08 Oct, 2008, quixadhal wrote in the 1st comment:
Votes: 0
I'm trying to remember how to actually USE svn, and I remembered a feature I liked from cvs. In cvs, you could put a token in your code (comments) called $Log$, and when you did a checkout, it would expand that token to be the full log of comments from the original revision down to the current.
* $Log: commands.c,v $
* Revision 1.1 2000-12-26 10:11:57 quixadhal
* Ressurection from 4.10.2z… way back from WMU.
* Revision 2.1 1991/09/20 16:54:46 cclub
* *** empty log message ***
* Revision 1.4 1991/08/09 03:50:20 quixadhal
* Added relative coordinates to several move commands.
* Revision 1.3 1991/08/06 00:33:02 quixadhal
* Added RCS header information for logging.

Does svn have anything like this? Google isn't being very helpful today, and I know some of you use svn on a semi-regular basis.
08 Oct, 2008, Vassi wrote in the 2nd comment:
Votes: 0

This might be helpful, or thereabouts. Doesn't look like they have specific commit logs though, but I'll keep digging.
08 Oct, 2008, David Haley wrote in the 3rd comment:
Votes: 0
Wouldn't commit logs get really long after a while if they're all embedded in the file? Isn't it really easy to get the logs anyhow? I have a vim plugin that lets me do it inside the editor… I guess what I'm really asking is: what's the rationale for having the logs in the file?

At work we use CVS's $Source$ and $Header$, but not $Log$. Some of our files have hundreds upon hundreds of commits, so it would get unbearable pretty quickly. :wink:
08 Oct, 2008, quixadhal wrote in the 4th comment:
Votes: 0
Ahhhh, keyword! That's the one I didn't try… thanks Vassi!

Yes, they do indeed get pretty long. We used Header at work. It's handy to have at least that much visible in the source, because if people out there beyond the developer's circle get copies, they can look and see what revision they're actually using. With cvs keeping version numbers per file, that's vital. With svn, it's not as critical, but it's still handy I think.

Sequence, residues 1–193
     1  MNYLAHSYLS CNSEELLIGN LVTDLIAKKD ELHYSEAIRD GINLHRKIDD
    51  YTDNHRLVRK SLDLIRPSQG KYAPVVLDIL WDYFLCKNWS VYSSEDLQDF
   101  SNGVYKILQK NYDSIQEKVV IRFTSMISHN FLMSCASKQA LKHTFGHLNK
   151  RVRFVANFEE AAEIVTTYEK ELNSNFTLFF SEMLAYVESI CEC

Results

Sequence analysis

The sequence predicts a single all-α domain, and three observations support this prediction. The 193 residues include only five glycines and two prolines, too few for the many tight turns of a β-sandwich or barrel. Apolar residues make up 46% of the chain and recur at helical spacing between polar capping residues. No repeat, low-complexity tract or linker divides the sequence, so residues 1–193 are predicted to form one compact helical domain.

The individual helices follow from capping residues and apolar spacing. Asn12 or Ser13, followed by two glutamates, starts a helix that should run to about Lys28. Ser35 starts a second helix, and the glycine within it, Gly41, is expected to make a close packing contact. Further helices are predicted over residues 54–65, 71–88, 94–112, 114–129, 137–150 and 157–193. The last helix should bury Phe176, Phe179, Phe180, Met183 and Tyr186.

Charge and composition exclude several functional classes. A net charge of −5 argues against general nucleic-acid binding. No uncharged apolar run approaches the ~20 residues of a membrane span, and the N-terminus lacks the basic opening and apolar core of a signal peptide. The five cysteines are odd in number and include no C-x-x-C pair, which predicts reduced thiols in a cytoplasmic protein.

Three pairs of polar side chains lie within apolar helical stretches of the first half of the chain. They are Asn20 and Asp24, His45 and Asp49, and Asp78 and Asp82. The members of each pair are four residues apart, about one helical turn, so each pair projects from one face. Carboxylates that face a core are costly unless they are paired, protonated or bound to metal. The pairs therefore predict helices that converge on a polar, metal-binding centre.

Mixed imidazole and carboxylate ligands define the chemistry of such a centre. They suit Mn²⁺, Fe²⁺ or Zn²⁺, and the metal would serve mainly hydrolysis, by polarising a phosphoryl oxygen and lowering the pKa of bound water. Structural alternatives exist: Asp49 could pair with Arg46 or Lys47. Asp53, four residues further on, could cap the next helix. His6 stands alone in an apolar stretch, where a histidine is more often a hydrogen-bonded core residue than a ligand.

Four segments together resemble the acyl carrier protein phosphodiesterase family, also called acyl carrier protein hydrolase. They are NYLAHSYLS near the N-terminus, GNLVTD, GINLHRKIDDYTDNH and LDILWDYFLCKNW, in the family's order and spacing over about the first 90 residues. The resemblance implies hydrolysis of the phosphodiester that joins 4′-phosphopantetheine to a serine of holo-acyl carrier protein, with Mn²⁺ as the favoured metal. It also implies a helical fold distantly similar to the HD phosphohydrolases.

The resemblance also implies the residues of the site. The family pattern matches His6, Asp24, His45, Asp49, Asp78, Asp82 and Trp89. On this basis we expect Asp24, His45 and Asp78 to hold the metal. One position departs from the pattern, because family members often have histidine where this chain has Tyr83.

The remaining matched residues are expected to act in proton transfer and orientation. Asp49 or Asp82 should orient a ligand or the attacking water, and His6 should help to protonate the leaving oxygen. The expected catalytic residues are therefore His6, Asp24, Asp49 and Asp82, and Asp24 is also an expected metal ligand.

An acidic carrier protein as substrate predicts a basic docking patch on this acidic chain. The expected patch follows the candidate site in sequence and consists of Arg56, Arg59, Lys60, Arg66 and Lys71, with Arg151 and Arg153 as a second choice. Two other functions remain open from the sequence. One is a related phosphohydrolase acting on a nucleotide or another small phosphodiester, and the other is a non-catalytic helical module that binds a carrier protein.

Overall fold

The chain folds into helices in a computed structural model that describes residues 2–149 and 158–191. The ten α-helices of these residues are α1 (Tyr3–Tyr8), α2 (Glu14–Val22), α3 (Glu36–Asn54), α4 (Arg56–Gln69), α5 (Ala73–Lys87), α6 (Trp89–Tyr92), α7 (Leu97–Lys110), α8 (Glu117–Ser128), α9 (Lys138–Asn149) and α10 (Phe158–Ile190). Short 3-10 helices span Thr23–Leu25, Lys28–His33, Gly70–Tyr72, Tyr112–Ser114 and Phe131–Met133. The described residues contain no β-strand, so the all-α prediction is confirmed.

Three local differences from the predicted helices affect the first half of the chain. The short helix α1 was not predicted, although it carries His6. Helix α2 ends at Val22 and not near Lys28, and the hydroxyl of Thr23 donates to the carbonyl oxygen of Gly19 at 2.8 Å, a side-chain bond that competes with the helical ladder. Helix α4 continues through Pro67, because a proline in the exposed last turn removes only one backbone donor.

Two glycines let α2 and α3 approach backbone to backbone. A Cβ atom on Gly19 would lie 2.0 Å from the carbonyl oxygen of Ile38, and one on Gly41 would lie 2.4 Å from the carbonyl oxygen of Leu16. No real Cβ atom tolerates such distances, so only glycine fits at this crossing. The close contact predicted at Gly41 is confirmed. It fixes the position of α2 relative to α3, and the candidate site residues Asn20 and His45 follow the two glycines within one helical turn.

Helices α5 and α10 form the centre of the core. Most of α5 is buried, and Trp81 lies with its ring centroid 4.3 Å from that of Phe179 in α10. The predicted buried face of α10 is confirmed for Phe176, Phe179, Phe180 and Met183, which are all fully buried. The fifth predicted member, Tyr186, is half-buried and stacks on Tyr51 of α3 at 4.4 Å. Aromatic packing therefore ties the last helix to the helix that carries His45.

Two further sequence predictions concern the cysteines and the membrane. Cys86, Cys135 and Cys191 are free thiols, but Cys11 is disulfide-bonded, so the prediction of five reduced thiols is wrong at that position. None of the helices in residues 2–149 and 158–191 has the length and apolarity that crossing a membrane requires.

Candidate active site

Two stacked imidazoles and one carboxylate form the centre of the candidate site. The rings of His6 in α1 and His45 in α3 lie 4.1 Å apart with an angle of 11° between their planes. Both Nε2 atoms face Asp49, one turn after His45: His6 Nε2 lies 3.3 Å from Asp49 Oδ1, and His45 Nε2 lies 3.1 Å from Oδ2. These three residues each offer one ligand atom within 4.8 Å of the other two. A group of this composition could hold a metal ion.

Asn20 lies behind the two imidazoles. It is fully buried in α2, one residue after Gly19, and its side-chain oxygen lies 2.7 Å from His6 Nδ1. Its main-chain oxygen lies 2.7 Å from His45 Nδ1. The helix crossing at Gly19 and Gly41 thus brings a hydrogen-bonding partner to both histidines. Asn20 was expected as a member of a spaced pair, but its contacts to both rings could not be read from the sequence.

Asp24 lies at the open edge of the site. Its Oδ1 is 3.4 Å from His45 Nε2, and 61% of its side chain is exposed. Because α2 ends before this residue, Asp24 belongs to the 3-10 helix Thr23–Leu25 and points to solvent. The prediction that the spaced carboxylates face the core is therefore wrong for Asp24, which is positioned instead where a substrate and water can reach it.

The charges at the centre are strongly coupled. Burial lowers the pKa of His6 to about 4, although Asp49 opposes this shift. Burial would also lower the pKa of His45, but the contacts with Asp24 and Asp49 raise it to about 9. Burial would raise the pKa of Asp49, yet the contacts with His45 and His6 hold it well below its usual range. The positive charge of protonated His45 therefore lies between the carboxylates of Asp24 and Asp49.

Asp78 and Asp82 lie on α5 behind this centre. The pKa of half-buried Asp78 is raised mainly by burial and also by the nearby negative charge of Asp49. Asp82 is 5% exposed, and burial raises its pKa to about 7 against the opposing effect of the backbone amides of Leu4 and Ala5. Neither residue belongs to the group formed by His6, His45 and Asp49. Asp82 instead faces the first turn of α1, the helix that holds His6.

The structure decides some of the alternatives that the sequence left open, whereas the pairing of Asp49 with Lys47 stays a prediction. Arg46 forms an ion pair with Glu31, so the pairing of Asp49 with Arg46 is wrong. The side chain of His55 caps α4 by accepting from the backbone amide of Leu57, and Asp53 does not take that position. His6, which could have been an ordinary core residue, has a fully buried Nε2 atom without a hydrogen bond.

08 Oct, 2008, MacGregor wrote in the 5th comment:
Votes: 0
As near as I can figure svn does not support a $Log$ keyword. If it did I would be against using it in the RaM project, pretty much because of what David says. My merc.h has been revised 440 times (actually more, that's just counting cvs commits). I really really really wouldn't want all that included in the file itself, particularly since I can get it any time I need it with a simple 'cvs log merc.h'. If you want to store the version number in the file (which I agree with), $Revision$ does that nicely.
08 Oct, 2008, Caius wrote in the 6th comment:
Votes: 0
Not exactly the same, but I have this in my makefile:
MUD_REVISION = -DMUD_REVISION=\"`svnversion -n`\"

And then I pass $(MUD_REVISION) to the compiler, and I can get the info for instance in the in-game 'version' command.
08 Oct, 2008, quixadhal wrote in the 7th comment:
Votes: 0
Actually, the one-line $Id$ tag does the job nicely for documenting the code. I think the only reason we put Log in was that, back then, we moved from RCS, to another RCS, and then to CVS, and were tired of losing the comments because there wasn't an easy way to
import/export at the time.

I was actually going to poke at that Caius….. having the overall revision visible in game isn't a bad thing. I had a more elaborate one in my mud, which build a version.h file, but the idea's the same. Nothing fancy, just a do_version that splats it at the user with a little formatting and a few statistics (memory use, etc).